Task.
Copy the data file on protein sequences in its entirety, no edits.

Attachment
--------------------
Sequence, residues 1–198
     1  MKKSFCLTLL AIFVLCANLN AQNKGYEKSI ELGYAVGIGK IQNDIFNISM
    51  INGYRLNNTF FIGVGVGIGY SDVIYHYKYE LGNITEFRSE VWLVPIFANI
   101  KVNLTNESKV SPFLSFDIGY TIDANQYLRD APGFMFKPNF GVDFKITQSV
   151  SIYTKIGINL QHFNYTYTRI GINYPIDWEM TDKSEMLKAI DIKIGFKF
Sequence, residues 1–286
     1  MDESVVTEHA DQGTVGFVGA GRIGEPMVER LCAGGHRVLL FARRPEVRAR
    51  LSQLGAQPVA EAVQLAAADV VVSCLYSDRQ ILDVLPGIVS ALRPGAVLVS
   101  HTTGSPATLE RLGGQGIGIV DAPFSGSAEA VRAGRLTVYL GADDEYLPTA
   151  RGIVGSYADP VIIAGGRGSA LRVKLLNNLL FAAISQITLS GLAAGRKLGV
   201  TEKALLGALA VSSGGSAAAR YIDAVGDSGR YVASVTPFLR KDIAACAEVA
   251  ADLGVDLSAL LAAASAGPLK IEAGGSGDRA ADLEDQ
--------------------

Sequence, residues 1–198
     1  MKKSFCLTLL AIFVLCANLN AQNKGYEKSI ELGYAVGIGK IQNDIFNISM
    51  INGYRLNNTF FIGVGVGIGY SDVIYHYKYE LGNITEFRSE VWLVPIFANI
   101  KVNLTNESKV SPFLSFDIGY TIDANQYLRD APGFMFKPNF GVDFKITQSV
   151  SIYTKIGINL QHFNYTYTRI GINYPIDWEM TDKSEMLKAI DIKIGFKF
Sequence, residues 1–286
     1  MDESVVTEHA DQGTVGFVGA GRIGEPMVER LCAGGHRVLL FARRPEVRAR
    51  LSQLGAQPVA EAVQLAAADV VVSCLYSDRQ ILDVLPGIVS ALRPGAVLVS
   101  HTTGSPATLE RLGGQGIGIV DAPFSGSAEA VRAGRLTVYL GADDEYLPTA
   151  RGIVGSYADP VIIAGGRGSA LRVKLLNNLL FAAISQITLS GLAAGRKLGV
   201  TEKALLGALA VSSGGSAAAR YIDAVGDSGR YVASVTPFLR KDIAACAEVA
   251  ADLGVDLSAL LAAASAGPLK IEAGGSGDRA ADLEDQ